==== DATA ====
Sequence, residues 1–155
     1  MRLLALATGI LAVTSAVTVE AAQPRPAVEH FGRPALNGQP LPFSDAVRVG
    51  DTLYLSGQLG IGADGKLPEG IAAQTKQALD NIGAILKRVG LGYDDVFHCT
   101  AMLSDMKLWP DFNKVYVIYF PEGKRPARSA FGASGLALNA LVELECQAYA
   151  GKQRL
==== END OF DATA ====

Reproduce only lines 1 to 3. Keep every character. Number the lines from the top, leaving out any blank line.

Sequence, residues 1–155
     1  MRLLALATGI LAVTSAVTVE AAQPRPAVEH FGRPALNGQP LPFSDAVRVG
    51  DTLYLSGQLG IGADGKLPEG IAAQTKQALD NIGAILKRVG LGYDDVFHCT